• Chrome
  • Firefox
  • Safari

Mobile

  • Safari
  • Android browser
  • Chrome on Android

Using the Chooser

The Chooser is the fastest way to get files from Dropbox into your Android app. It's a small library that enables your app to access files from Dropbox without having to worry about the complexities of implementing a file browser, OAuth, or managing uploads and storage. Take a look at a screenshot of what the Chooser looks like inside an Android app.

This tutorial will guide you through everything you need to do to add the Chooser to your app and customize it to suit your use cases.

Setup

The Android Chooser SDK zip contains a DropboxChooserSDK Android library project.

You'll also need to create a new app here if you haven't already as you'll need the App key below.

Adding the Chooser to an Android Studio project

You'll need to add the DropboxChooserSDK to Android Studio and then add it as a dependency in your project.

Creating the new module

  1. Open Android Studio, go to File → New Module → Import Existing Project (Eclipse ADT or Gradle Project) → and press Next
  2. Press the "..." button next to the Source Directory field and select the DropboxChooserSDK folder you just unzipped. Press Next.
  3. Go through the rest of the module creation flow. Click Next again, and then click Finish.
  4. You should now have a DropboxChooserSDK module in your project.

Adding the dependency

  1. Within Android Studio, switch to the "project view".
  2. Right click on the app module and click Open Module Settings.
  3. Select the Dependencies tab.
  4. In the lower left corner, click the "+" (Add) button, select Module dependency and select the dropboxChooserSDK module.
  5. Click OK, and then click OK again. You may have to wait for Gradle to sync.

Adding the Chooser to an Eclipse project

You'll need to add the DropboxChooserSDK to Eclipse and then reference it in your project.

Creating the new project

  1. Open Eclipse, go to File → New → Other → Android → Android Project from Existing Code and press Next
  2. Press Browse next to the Root Directory field and select the DropboxChooserSDK folder you just unzipped. Press Finish.
  3. You should now have a DropboxChooserSDK project.

Referencing the project

  1. In Eclipse, right click on your existing project and click Properties.
  2. In the menu on the left hand side, select Android.
  3. In the lower Library section, click Add and select the DropboxChooserSDK project.

Example app

The Android Chooser SDK zip also contains a ChooserExample Android app project that implements an expanded version of the code below. Open it and follow along with the rest of this guide.

Triggering the Chooser

Your app should give the user a button or action that asks them to select a file from Dropbox. This example sets up a click handler in onCreate() for a button called chooser_button that will trigger the Chooser. You'll need to add a button with the same name to your layout as well.

In this example, we'll request a preview link type using DbxChooser.ResultType.PREVIEW_LINK (read more about link types below). This example also uses an Activity but it works just as well with a Fragment.

Be sure to replace APP_KEY with the real value for your app.
import android.view.View;
import android.view.View.OnClickListener;
import android.widget.Button;
import com.dropbox.chooser.android.DbxChooser;

static final int DBX_CHOOSER_REQUEST = 0;  // You can change this if needed

private Button mChooserButton;
private DbxChooser mChooser;

@Override
protected void onCreate(Bundle savedInstanceState) {
    super.onCreate(savedInstanceState);
    setContentView(R.layout.activity_main);

    mChooser = new DbxChooser(APP_KEY);

    mChooserButton = (Button) findViewById(R.id.chooser_button);
    mChooserButton.setOnClickListener(new OnClickListener() {
        @Override
        public void onClick(View v) {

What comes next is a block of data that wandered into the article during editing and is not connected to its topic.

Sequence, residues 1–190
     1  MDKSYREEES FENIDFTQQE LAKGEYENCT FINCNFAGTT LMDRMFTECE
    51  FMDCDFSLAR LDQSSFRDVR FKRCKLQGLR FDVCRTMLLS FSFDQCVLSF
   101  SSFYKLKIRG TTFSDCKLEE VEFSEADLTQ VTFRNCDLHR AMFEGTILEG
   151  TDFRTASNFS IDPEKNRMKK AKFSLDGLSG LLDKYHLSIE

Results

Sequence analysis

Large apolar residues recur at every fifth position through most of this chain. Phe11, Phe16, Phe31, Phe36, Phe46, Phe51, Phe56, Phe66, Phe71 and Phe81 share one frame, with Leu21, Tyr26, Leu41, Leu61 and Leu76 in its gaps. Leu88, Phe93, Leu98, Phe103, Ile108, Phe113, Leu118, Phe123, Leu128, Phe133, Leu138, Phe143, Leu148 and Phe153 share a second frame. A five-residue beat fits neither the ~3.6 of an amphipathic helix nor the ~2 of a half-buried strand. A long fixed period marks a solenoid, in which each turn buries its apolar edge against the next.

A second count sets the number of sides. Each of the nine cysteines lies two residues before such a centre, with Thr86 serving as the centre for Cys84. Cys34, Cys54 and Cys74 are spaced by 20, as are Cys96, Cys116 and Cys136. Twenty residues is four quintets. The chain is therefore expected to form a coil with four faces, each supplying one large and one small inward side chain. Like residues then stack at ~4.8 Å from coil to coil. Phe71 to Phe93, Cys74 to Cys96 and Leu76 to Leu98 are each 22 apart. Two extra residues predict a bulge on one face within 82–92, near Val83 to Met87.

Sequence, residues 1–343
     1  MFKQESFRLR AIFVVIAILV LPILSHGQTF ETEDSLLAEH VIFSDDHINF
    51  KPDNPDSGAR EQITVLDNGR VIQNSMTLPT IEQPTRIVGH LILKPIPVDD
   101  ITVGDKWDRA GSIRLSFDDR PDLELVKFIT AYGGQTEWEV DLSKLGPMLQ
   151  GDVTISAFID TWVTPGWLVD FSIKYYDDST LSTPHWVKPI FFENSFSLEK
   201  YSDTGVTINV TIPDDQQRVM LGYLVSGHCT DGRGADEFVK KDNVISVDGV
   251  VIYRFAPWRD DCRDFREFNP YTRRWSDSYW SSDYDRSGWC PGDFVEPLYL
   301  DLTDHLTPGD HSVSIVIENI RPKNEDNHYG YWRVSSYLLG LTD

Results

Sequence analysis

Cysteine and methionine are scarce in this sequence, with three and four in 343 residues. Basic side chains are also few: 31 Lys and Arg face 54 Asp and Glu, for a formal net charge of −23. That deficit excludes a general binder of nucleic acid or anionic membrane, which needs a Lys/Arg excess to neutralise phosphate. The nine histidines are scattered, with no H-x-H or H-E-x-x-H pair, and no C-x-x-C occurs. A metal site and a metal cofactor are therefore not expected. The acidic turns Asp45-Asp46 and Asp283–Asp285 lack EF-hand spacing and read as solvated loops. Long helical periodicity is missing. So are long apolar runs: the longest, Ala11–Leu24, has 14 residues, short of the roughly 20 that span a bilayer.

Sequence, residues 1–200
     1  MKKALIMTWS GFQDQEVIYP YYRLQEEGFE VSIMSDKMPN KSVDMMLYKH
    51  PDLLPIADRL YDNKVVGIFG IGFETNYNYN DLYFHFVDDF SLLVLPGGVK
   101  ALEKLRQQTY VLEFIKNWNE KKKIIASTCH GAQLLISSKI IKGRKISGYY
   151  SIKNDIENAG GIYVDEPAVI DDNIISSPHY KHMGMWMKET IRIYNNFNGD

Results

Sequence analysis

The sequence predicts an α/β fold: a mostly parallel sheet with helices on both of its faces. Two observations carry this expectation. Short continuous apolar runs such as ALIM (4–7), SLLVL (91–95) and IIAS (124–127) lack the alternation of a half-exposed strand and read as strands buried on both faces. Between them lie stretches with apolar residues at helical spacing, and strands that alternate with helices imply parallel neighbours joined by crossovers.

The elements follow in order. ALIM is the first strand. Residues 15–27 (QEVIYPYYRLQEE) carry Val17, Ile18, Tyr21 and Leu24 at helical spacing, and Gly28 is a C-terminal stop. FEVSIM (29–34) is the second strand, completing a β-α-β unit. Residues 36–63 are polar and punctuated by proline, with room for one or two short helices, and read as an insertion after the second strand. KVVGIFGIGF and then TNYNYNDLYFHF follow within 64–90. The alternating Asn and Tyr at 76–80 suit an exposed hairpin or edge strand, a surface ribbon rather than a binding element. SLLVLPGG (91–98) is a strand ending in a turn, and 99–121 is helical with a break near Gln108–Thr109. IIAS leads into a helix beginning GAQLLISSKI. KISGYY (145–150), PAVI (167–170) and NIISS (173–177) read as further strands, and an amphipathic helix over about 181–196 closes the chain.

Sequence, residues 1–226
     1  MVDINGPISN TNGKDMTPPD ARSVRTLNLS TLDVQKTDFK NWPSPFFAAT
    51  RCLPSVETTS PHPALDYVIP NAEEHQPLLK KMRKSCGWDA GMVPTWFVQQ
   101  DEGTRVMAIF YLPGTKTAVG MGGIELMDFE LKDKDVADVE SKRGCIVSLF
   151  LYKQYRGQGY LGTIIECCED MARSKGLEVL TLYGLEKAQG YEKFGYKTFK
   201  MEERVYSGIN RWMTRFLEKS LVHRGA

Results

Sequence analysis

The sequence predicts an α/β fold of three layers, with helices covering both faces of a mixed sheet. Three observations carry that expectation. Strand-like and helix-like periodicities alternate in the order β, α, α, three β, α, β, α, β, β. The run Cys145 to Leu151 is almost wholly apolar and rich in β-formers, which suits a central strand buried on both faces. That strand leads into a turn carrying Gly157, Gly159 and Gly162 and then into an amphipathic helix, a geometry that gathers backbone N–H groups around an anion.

mChooser.forResultType(DbxChooser.ResultType.PREVIEW_LINK)
                    .launch(MainActivity.this, DBX_CHOOSER_REQUEST);
        }
    });
}

The Chooser coordinates with the Dropbox app to allow the user to select files without having to worry about the usual authorization flow. In order to handle the response when the user returns to your app, you'll need to add a hook to onActivityResult():

@Override
public void onActivityResult(int requestCode, int resultCode, Intent data) {
    if (requestCode == DBX_CHOOSER_REQUEST) {
        if (resultCode == Activity.RESULT_OK) {
            DbxChooser.Result result = new DbxChooser.Result(data);
            Log.d("main", "Link to selected file: " + result.getLink());

            // Handle the result
        } else {
            // Failed or was cancelled by the user.
        }
    } else {
        super.onActivityResult(requestCode, resultCode, data);
    }
}

If the user cancels, resultCode will be Activity.RESULT_CANCELED. A successful choice will be Activity.RESULT_OK. In the case of a successful choice, you can create a new DbxChooser.Result to handle the response.

Handling the response

The DbxChooser.Result created in the onActivityResult() callback will contain the info about the selected file.

public static class Result {

    // URI to access the file, which varies depending on the link type specified when
    // the Chooser was triggered
    public Uri getLink() { ... }

    // Name of the file
    public String getName() { ... }

    // URI to a 64px x 64px icon for the file based on the file's extension
    public Uri getIcon() { ... }

    // Size of the file in bytes
    public long getSize() { ... }

    // Set of thumbnail URIs generated when the user selects images and videos. It
    // returns three sizes with the keys: 64x64px, 200x200px, and 640x480px.
    // If the user didn't select an image or video, no thumbnails will be included.
    public Map<String, Uri> getThumbnails() { ... }

}

The Chooser can be configured to return one of three link types.

  • ResultType.PREVIEW_LINKlinks are the default type of link returned by the Chooser. Preview links point to a human-friendly preview page of a file and are great for sharing. You can read more about links to Dropbox files in our Help Center. Note that users may disable this link at a later point if they choose.

  • ResultType.DIRECT_LINKlinks point directly to the contents of the file and are useful for downloading the file itself. Unlike preview links, however, they will expire after four hours, so make sure to download the contents of the file immediately after the file is chosen. These URLs should not be used to display content directly in the browser.

  • ResultType.FILE_CONTENTlinks (Android only) point to the actual file on the local device and let your app take advantage of files cached by the Dropbox app. However, these files are temporary and can be cleaned up by the operating system at any point, so you should copy it and manage it within your app if you need to keep the contents of a file.